9th February – Deaths & Events in Northern Ireland Troubles

Key Events & Deaths on this day in Northern Ireland Troubles

9th February

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Tuesday 9 February 1971

Five men, two of them British Broadcasting Corporation (BBC) engineers, the others construction workers, were killed near a BBC transmitter on Brougher Mountain, County Tyrone in a landmine attack carried out by the Irish Republican Army (IRA).

[It was believed that a British Army (BA) mobile patrol, which had been visiting the site, was the intended target.]

Wednesday 9 February 1972


William Craig, who had been Northern Ireland Minister for Home Affairs, launched ‘Ulster Vanguard’ as an umbrella movement for the right-ring of Unionism.

[The new group held a series of demonstrations and marches over next few months. These demonstrations intensified when Stormont was replaced and ‘direct rule’ introduced.]

A Report (Cmnd. 4901) was published by a committee headed by Lord Parker on the methods used by the security forces in to interogate those interned. The methods included: ‘in-depth interrogation’, hooding, food deprivation, use of ‘white noise’ to cause disorientation and sleep deprivation, and being forced to stand for long periods leaning against a wall with their finger-tips. Two members of the committee, including Lord Parker, held that the techniques were justified. Lord Gardiner disagreed.

Saturday 9 February 1974

  

Anthony O’Connor & Hugh Duffy

Two Catholic civilians were shot dead at O’Kane’s Bar, Grosvenor Road, Belfast, by Loyalist paramilitaries.

Sunday 9 February 1975

Two Catholic civilians, both aged 19, were shot dead by Loyalist paramilitaries as they left St Brigit’s Catholic Church, Malone, Belfast.

The Irish Republican Army (IRA) announced that it was reinstating its ceasefire for an indefinite period as of 6pm on 10 February 1975.

Monday 9 February 1976


Two Protestant civilians were shot dead by the Ulster Volunteer Force (UVF) in the Shankill area of Belfast. It was believed that the two men were mistaken for Catholics.

Monday 9 February 1981

Ian Paisley, then leader of the Democratic Unionist Party (DUP), and other senior members of the DUP held a rally at Belfast City Hall were they signed a covenant, the ‘Ulster Declaration’, based on the Ulster Covenant of 1912. Paisley also announced a ‘Carson Trail’ which was to be a series of protest rallies against the continuing dialogue between Margaret Thatcher, then British Prime Minister, and Charles Haughey, then Taoiseach (Irish Prime Minister).

Friday 9 February 1990

Tommy Lyttle, then leader of the Ulster Defence Association (UDA), appeared in court on charges of having a threatening letter sent to the sister of Brian Nelson.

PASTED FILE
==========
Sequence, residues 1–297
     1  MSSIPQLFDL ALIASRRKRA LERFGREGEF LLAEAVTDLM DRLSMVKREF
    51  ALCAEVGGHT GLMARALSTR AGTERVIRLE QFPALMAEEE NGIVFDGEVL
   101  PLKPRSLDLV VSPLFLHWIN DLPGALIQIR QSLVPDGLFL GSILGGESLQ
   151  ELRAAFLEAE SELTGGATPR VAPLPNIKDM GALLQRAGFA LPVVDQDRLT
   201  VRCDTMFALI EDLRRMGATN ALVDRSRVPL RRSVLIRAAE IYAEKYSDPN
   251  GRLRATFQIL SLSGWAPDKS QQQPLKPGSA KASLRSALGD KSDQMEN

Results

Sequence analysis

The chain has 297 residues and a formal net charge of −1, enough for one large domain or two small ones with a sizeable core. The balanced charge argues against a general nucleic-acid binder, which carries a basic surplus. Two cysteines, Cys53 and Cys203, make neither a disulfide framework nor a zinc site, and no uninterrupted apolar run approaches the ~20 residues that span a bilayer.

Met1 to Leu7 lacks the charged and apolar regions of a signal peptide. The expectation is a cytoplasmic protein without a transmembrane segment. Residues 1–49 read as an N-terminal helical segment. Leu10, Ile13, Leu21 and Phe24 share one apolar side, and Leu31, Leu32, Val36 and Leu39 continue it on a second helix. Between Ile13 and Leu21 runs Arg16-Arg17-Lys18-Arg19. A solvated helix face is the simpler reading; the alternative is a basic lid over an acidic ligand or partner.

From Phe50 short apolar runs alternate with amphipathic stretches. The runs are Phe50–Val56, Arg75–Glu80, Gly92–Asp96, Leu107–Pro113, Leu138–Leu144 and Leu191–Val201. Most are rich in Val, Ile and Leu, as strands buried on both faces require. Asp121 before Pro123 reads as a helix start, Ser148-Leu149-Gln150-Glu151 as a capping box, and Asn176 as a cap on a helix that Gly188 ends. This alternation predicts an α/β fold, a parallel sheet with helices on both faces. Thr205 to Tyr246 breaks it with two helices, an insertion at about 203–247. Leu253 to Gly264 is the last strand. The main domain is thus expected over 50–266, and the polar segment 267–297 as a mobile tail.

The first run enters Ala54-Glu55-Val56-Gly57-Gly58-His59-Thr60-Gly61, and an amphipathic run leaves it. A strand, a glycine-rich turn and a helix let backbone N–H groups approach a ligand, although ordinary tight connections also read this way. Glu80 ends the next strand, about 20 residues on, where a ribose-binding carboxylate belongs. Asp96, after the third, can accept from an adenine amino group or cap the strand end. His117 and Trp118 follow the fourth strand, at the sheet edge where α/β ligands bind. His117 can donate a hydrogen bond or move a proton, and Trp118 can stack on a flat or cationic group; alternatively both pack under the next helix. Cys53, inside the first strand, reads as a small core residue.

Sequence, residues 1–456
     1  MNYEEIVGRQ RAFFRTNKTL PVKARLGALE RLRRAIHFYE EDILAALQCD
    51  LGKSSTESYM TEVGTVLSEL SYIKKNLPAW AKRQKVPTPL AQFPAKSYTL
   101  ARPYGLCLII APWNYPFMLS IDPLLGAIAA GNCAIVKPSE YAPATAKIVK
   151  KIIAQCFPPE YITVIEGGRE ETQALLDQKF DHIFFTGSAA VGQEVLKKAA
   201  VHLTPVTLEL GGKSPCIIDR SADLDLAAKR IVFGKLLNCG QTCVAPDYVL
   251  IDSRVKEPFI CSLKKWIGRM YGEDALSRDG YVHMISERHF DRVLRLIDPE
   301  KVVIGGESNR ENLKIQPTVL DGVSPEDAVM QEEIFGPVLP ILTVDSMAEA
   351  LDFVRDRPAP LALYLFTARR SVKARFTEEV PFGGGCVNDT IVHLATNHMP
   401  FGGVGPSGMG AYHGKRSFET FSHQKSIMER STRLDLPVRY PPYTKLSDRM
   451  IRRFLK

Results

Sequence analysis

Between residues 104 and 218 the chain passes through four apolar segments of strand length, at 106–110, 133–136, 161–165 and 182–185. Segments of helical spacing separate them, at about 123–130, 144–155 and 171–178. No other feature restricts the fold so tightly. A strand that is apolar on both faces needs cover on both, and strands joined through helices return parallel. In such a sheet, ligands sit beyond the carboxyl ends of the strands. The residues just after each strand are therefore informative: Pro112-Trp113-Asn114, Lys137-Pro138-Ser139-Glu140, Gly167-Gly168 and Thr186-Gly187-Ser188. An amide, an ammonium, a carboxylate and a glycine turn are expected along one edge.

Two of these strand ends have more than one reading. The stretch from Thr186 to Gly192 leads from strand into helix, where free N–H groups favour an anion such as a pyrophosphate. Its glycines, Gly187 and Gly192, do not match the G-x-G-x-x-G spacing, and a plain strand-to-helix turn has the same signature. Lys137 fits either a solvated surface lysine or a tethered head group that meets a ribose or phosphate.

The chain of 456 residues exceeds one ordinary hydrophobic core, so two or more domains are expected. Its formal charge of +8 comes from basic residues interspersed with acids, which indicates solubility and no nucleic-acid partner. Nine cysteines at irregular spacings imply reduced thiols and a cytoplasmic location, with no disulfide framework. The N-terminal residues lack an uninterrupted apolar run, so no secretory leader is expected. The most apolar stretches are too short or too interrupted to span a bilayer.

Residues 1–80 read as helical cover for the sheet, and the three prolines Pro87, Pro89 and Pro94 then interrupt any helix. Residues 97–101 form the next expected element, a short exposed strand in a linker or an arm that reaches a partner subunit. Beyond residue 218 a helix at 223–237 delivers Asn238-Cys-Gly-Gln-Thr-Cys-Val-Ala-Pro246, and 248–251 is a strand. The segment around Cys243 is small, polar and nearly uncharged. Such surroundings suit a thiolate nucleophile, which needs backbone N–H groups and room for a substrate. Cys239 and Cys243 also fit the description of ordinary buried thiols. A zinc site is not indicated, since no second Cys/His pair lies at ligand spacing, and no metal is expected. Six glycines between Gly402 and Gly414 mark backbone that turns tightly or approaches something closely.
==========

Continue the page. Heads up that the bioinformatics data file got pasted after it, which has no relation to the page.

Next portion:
Amnesty International published a report which claimed that there was “mounting evidence” of collusion between the security forces and Loyalist paramilitaries. The RUC said that the claims were “utter nonsense”.

Thursday 9 February 1995

Sinn Féin (SF) called off a planned meeting with Northern Ireland Office (NIO) officials after the party claimed that the room where the meeting was to have taken place was bugged.

Friday 9 February 1996

End of IRA Ceasefire
The Irish Republican Army (IRA) exploded a large bomb at South Quay in the Docklands area of London. The lorry bomb killed two people, injured many more, caused millions of pounds worth of damage, and marked the end of the IRA ceasefire after 17 months and 9 days. A statement had been issued by the IRA one hour before the explosion occurred at 7.01pm.

See Docklands bombing

Monday 9 February 1998

Brendan Campbell (30), a Catholic civilian, was shot dead outside a restaurant on the Lisburn Road, Belfast. Campbell was alleged to be a drugs dealer and the group called Direct Action Against Drugs (DAAD) claimed responsibility.

[Many people believed that DAAD was a cover name (pseudonym) used by the Irish Republican Army (IRA). The killing of Campbell (and Robert Dougan on 10 February 1998) led to the expulsion of Sinn Féin (SF) from the multi-party talks on 20 February 1998.]

A political row broke out between Ken Maginnis, then Security spokesperson for the Ulster Unionist Party (UUP), and Marjorie (Mo) Mowlam, then Secretary of State for Northern Ireland.

In a letter to David Trimble, then leader of the Ulster Unionist Party (UUP), Mowlam demanded an apology from Maginnis for allegedly calling her “a damned liar” during a session of the talks at Stormont. Maginnis said he had “no intention whatsoever” of apologising.

In another row, involving Sinn Féin (SF) and the Social Democratic and Labour Party (SDLP), John Hume, then leader of the SDLP, defended his party colleague, Seamus Mallon, from accusations by Republicans that his attitude at the talks had been “extremely unhelpful”.
The British government published proposals, Your Voice Your Choice, for reforms to the Northern Ireland Police Authority (NIPA).
The Standing Advisory Commission on Human Rights (SACHR) submitted a report to Marjorie (Mo) Mowlam, then Secretary of State for Northern Ireland, expressing concern about the continuing high levels of Catholic unemployment despite the introduction of two Fair Employment acts. The report entitled Employment Equality: Building for the Future examined the effectiveness of fair employment legislation and the impact of government policy. Figures on unemployment showed that Catholics continued to be twice as likely to be unemployed as Protestants.
A number of UUP members, who opposed the party’s involvement in the multi-party talks, established a new pressure group called the ‘Committee for Traditional Ulster Unionist Values’. The new grouping was led by Nelson McCausland.

Tuesday 9 February 1999

The Orange Volunteers (OV) admitted carrying out an attack on a Catholic owned public house in Castledawson, County Derry.

The Belfast Telegraph (a Belfast based newspaper) published the results of an opinion poll. The poll showed that, of those questioned, 50 per cent believed that the Ulster Unionist Party (UUP) should join Sinn Féin (SF) in a power-sharing Executive even without prior decommissioning.

Tuesday 9 February 1999

A middle-aged man discovered an unexploded pipe-bomb outside a public house in Crumlin, County Antrim. The Loyalist paramilitary group the Orange Volunteers (OV) claimed they had targeted the bar.

Saturday 9 February 2002